What is a Girl Worth? 

On Wednesday morning, 24 January 2018, Rachel Denhollander gave a victim impact statement at the trial of Larry Nassar. The courtroom was packed, survivor after survivor had spoken, the pain was palpable, many tears were shed. Larry Nassar sat and listened as woman after woman told of the abuse they had suffered at his hands. It was public shaming before he received a life sentence for his crimes. Rachel spoke for forty minutes. Her voice was clear, articulate even as she fought back the tears. She expressed her agony, her sense of justice, and her desire to protect others. Rachel proclaimed her utter conviction that one day Larry would face the final day of judgement. In doing so, she made one of the most remarkable gospel appeals you will ever hear:

‘ Should you ever reach the point of truly facing what you have done the guilt will be crushing, and that is what makes the gospel of Christ so sweet because it extends grace and hope and mercy where none should found. And it will be there for you. I pray that you experience the soul-crushing weight of guilt so that someday you will experience true repentance and forgiveness from God which you need far more than forgiveness from me although I extend that to you as well.’

Rachel’s statement can be viewed in full on YouTube .

How Rachel got to this point is outlined in her book ‘ What is a Girl Worth’. 

Some books need to be read even though emotionally, they are hard to hear. I put Rachel’s story in that camp. It outlines much more than the experience of sexual abuse. It raises warning flags to everyone. There is no place for complacency on this issue. Rachel, along with so many others, was abused in a place where she should have been safe. She was violated despite her parents loving care. She was let down by those she reported it to. And she faced church leaders who failed to understand and support her. She herself says that they were well-intentioned but: ‘there was simply a complete inability to understand the evidence or the impact of abuse.’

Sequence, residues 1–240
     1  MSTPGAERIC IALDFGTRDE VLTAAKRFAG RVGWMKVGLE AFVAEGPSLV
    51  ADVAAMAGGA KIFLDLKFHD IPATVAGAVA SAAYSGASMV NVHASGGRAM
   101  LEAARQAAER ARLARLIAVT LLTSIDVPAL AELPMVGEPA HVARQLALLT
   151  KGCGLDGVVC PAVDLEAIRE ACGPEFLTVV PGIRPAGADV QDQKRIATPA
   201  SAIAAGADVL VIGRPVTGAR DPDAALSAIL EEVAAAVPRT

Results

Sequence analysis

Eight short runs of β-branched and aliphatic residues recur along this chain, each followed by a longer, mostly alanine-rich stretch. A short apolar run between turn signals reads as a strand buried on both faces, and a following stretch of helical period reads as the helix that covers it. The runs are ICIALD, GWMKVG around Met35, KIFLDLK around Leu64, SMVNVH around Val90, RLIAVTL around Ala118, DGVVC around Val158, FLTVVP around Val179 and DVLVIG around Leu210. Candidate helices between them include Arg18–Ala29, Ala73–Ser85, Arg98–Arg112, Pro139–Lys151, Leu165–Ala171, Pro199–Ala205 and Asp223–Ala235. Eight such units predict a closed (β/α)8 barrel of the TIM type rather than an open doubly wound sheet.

This book should disturb us. It should help us understand. It takes us to dark places. Larry Nassar was found to have 37,000 files of little girls being abused. Rachel asks:

‘Do you know how many little girls it takes to creates 37,000 images of child porn?’ 

These girls were most likely trafficked, abused by someone close to them, someone with constant access. We don’t want to know. Rachel has not given us her story to make us uncomfortable or overwhelmed but to help us take responsibility where we are able. To provide us with boldness to take responsibility when we should. To help us care for those who are hurting, to listen to their stories and give them comfort when we can. 

‘ The darkness is there, and we cannot ignore it. But we can let it point us to the light.’

Rachel has produced a study companion ‘Discover your True Worth: a Four Week Guide for Conversation and Reflection’ which is coming out 7 September. Why not plan to read this book with others?


    © 2020 Karen Soole